“You can cut agriculture all day long and twice on Sunday and it won’t move the needle on debt and deficits,” he explained. “Washington cannot balance its books on a policy that makes up just one-quarter of 1 percent of the total federal budget.”
Conaway, who chairs the House Agriculture Subcommittee on General Farm Commodities and Risk Management, said that producers should expect to see tighter budgets. However, he said that he and many other lawmakers firmly believe that agriculture should not be singled out, that any savings should be proportionate to agriculture’s impact on the federal budget and that the Agriculture Committees should determine how any savings are achieved.
“Agriculture has been singled out for $15 billion in cuts over the past six years while the rest of government continued to grow,” he noted. “This happened even though farm policy over the past decade has operated, not only within its budget, but well under budget. Name another policy in Washington that can say that. Farm policy has a great story to tell as we head into a process that is going to involve some very difficult budget decisions.”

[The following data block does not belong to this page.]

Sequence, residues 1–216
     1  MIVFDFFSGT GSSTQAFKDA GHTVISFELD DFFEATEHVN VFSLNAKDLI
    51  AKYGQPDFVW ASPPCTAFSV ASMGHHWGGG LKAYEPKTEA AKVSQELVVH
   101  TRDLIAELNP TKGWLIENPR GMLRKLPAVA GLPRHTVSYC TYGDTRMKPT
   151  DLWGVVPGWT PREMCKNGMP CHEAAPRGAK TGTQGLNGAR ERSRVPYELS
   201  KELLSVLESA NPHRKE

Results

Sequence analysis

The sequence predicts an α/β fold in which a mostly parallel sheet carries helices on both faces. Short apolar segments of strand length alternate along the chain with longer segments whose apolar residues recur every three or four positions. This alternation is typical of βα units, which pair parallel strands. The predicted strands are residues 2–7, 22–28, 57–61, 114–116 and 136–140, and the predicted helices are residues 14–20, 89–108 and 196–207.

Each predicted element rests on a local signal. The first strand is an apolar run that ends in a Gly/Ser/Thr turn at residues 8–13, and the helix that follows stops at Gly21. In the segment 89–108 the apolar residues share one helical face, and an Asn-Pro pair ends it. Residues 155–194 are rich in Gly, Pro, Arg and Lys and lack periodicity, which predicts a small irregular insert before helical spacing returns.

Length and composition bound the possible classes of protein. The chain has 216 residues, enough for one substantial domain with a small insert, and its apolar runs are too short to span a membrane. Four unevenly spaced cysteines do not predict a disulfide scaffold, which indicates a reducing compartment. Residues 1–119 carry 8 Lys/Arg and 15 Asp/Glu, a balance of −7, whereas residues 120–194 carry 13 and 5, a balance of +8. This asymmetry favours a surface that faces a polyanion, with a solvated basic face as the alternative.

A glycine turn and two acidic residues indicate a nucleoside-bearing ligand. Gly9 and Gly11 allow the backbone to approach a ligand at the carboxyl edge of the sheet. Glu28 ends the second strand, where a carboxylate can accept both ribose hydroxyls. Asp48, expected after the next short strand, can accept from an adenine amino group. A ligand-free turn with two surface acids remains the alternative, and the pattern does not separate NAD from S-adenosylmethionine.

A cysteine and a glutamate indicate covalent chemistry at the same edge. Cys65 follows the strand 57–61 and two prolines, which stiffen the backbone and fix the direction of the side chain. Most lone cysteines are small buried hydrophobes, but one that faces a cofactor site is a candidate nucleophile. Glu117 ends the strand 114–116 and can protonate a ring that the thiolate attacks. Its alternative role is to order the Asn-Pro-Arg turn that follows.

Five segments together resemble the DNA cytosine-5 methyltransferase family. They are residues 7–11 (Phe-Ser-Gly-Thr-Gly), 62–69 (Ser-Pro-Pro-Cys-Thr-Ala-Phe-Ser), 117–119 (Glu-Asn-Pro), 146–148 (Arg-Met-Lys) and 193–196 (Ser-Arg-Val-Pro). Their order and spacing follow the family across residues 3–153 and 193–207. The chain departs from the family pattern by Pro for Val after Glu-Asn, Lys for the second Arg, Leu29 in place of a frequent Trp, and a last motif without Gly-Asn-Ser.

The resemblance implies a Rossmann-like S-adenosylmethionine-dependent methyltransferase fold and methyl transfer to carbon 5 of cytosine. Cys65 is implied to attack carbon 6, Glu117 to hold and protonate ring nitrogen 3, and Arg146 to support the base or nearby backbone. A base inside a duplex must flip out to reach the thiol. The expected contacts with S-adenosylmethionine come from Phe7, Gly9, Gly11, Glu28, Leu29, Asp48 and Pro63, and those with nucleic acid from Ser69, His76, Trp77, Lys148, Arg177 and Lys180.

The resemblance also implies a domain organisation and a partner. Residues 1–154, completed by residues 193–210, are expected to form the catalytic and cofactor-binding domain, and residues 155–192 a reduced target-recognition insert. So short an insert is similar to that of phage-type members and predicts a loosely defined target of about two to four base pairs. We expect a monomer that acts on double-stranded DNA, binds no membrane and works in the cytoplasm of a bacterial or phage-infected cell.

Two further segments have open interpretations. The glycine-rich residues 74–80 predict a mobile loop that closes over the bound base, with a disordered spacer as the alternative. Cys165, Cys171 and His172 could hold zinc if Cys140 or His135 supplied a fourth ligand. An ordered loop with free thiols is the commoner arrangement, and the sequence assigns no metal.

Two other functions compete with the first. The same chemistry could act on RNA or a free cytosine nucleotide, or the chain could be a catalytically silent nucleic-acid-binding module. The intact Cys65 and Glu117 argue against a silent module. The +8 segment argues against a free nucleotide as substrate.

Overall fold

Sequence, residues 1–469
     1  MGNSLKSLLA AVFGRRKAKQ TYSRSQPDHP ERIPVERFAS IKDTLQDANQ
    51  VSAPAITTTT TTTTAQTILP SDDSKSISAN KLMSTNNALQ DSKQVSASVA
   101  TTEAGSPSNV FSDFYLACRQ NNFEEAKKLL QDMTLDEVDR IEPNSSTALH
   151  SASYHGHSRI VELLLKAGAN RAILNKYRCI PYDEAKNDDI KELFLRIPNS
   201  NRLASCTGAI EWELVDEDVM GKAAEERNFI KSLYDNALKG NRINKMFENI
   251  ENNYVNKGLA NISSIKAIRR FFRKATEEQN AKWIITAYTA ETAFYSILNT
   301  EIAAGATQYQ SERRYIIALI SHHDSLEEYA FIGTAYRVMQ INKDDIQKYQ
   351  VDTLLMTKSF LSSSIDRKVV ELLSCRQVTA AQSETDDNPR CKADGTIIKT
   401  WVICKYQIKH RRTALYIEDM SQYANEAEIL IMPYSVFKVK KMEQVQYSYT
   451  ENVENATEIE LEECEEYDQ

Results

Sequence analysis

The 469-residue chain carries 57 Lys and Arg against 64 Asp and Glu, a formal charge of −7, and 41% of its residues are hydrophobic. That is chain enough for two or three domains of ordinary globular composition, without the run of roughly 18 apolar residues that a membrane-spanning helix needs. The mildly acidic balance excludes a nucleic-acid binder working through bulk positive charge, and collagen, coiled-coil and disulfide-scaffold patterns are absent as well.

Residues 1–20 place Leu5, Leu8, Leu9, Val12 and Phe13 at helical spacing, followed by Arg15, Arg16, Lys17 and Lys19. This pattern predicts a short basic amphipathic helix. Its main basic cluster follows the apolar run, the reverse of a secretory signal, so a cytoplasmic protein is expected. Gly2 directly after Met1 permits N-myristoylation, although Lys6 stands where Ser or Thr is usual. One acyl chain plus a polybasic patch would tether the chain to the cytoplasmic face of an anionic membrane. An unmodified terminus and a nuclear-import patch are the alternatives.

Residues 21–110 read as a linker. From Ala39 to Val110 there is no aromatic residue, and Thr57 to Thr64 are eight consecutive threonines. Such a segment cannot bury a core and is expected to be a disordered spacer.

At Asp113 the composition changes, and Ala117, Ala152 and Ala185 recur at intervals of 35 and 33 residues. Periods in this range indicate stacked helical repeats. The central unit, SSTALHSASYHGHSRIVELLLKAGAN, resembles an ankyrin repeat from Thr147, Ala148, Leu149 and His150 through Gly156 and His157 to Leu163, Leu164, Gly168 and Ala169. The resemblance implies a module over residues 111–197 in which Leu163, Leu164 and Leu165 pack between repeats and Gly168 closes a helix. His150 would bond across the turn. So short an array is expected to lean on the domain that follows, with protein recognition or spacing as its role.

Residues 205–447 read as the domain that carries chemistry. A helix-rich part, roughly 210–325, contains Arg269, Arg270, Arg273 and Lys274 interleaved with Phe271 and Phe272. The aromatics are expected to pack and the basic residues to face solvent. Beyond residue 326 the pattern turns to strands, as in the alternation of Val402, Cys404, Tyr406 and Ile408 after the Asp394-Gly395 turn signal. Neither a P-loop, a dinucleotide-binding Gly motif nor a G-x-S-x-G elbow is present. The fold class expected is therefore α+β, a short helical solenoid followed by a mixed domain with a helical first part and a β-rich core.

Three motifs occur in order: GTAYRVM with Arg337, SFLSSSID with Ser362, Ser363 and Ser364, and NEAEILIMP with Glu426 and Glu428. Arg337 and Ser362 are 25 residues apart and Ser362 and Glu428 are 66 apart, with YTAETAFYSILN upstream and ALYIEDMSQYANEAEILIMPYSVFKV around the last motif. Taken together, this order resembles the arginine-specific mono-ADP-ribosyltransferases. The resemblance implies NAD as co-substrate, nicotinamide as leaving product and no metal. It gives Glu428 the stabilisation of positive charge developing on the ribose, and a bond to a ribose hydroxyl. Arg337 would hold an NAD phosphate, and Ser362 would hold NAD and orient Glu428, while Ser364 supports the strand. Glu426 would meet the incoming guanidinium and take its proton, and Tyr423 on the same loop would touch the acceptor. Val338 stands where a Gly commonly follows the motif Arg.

Sugar policy, he said, “has its own good story to tell” because it operates at no cost to taxpayers and has helped ensure adequate and affordable supplies. These successes, according to Conaway, bode well for the policy’s continuation into the future.
“We are very blessed in this country to have our own food and fiber supply,” he concluded. “We are safer and more secure because of it. Our economy is stronger because of it. And, we have more jobs because of agriculture. Agriculture is the one bright spot in an otherwise grim economic picture. We shouldn’t take it for granted, and we certainly shouldn’t gamble with it. We need good farm policy.”
For more information about the International Sweetener Symposium, visit www.sugaralliance.org
Symposium audio files can be downloaded at www.ASAradio.org
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